I am in favour of supporting this (unorthodox) reading which explores the psychological terrain as its central concern. Now that you brought it up I can see and do appreciate its highly effective use of the Kuleshov effect, and in fact I think this is where the psychological reading dovetails with the religious reading (something that I've tried to show by bringing in modern aesthetic theorists/philosophers like Bataille who have continued to draw "secular" readings from religious sources). The underlying motives for Joan's behavior might have been religious or nationalist in nature, but the emphasis on her countenance makes this film much more about immanence than about transcendence. What we witness are very much the effects on her (the immanent reading), as opposed to their causes which remain implied but never fully revealed (that's what the transcendent readings have often chosen to focus on). In this sense, the emphasis shifts away from her motives for her seemingly irrational behavior towards more humane concerns - the lived reality of her premonition.

The Kuleshov technique then reinforces such a split between effects (the main frame) and their causes (the frames which are implied/secondary).
Yeah, by no means is my take the core conceit of the film. It's just a particular avenue I was drawn to personally. Given that the transcendent material (nationalism, religion) are the prime movers, it was very easy to for me to eschew them and re-contextualize the immanent material. I actually read a fair amount about the history of the film print and it's the transcendent material that drew the ire of censors. Anti-British, blasphemous, etc. I think you're correct in that Dreyer smartly made this a very tangible and human story which is probably why it stands the test of time.
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Coherence (2013)


I saw a couple people discussing this along with Time Trap, and I hadn't seen either of them. Coherence appears to be the more highly rated of the two, and I found this to be pretty enjoyable. The pacing is similar to Uncut Gems where it never releases, and this might be one of the most attractive ways to tell a Schrodinger's cat type of story.

I'm not going to pretend I understand a fraction of quantum theory, but I've read on the subject enough to grasp the idea. The movie definitely keeps your head spinning trying to figure things out, but in the end it's still hard to dissect (which I guess is kinda the point). Only 90 minutes, so I'd say it's worth watching once for anyone remotely interested in this kind of mind game. Not sure if I'm on board enough to watch Time Trap though.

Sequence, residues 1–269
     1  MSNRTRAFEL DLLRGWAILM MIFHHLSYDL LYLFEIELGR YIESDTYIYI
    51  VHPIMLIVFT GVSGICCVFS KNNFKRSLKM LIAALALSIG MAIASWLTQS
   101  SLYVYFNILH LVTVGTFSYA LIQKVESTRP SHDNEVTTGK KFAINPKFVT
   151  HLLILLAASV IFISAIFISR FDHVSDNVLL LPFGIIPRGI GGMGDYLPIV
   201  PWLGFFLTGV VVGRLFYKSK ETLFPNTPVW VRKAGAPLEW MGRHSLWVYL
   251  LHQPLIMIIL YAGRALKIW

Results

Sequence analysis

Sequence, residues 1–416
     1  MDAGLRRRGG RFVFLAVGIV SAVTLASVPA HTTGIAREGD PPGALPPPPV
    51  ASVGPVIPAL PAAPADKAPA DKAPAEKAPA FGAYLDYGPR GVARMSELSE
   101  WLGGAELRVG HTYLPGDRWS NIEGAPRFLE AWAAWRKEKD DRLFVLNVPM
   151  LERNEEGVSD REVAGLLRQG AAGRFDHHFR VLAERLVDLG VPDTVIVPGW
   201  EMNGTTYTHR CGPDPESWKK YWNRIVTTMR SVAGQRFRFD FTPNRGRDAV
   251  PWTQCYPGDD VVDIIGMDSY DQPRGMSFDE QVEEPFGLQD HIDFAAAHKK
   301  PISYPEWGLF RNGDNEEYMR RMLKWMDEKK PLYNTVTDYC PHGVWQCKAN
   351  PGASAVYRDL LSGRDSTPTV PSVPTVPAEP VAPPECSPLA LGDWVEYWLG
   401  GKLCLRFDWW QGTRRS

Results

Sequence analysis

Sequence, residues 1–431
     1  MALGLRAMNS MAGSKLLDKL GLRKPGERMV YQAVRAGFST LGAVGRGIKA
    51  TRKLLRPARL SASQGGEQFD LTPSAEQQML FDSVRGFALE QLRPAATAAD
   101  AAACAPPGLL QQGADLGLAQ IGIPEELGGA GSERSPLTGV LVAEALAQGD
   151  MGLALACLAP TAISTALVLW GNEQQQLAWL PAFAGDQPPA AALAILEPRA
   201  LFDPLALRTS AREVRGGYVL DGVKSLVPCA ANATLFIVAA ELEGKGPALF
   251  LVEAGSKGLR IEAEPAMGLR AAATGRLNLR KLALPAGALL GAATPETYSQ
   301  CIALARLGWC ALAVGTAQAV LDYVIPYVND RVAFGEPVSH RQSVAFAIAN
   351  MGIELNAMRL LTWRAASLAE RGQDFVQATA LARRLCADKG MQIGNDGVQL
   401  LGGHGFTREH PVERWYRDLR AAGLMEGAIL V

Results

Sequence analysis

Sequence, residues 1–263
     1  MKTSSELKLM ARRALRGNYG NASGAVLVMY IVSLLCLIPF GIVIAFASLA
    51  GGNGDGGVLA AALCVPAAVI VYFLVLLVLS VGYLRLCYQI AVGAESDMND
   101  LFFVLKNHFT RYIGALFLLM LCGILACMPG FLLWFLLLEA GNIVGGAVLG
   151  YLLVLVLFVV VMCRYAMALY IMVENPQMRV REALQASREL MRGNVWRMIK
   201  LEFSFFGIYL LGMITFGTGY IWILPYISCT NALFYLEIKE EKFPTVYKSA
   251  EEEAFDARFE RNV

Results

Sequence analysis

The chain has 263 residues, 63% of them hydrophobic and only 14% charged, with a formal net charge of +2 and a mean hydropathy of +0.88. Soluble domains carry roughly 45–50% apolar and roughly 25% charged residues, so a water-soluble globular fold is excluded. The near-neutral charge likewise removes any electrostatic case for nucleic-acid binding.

Way too long. It's more westerny than I expected and it's not a zombie flick at all so I don't get the poster. It's a bit like the Hotel California - you can check in anytime you like but... An old couple run an Inn out in the middle of nowhere Australia and when folks check in they kill them. They use an interesting method, not sure I totally buy it though. A sheriff begins investigating missing people which leads him to the Inn and that's it. Has some decent scenery but it's not good or bad enough to get excited about.



Account terminated on request
Wow, pretty low rating for this movie, why did you dislike it so much?
I thought it was one of those fun Sunday-afternoon-it's-raining kind of films.
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When women have a poet, they want a cowboy.
When they have a cowboy, they want a poet.
They'll say "I don't care if he's a poet or cowboy, so long as he's a nice guy. But oh, I'm so attracted to that bad guy over there."
Understand this last part, and you'll get them all.



Are you gonna bark all day, little doggy?
Damn, I loved 1917, oh well to each his/her own. I need to rewatch Spectre, and will watch Road to Perdition soon, but 1917 is def one of my fave Mendes films.


Out of curiosity, is there a Mendes film that you have really liked or loved?

I actually really liked American Beauty. I need to watch Road to Perdition as well.





Re-watch of a classic movie. Still relevant & on topic today.
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Coherence (2013)


I saw a couple people discussing this along with Time Trap, and I hadn't seen either of them. Coherence appears to be the more highly rated of the two, and I found this to be pretty enjoyable. The pacing is similar to Uncut Gems where it never releases, and this might be one of the most attractive ways to tell a Schrodinger's cat type of story.

I'm not going to pretend I understand a fraction of quantum theory, but I've read on the subject enough to grasp the idea. The movie definitely keeps your head spinning trying to figure things out, but in the end it's still hard to dissect (which I guess is kinda the point). Only 90 minutes, so I'd say it's worth watching once for anyone remotely interested in this kind of mind game. Not sure if I'm on board enough to watch Time Trap though.
Yeah I was kind of a bit iffy about my analogy in the beginning and then @this_is_the_ girl confirmed my fears.. I am sure there was a better analogy that I just can't think of, in hindsight I can say I enjoyed Coherence more.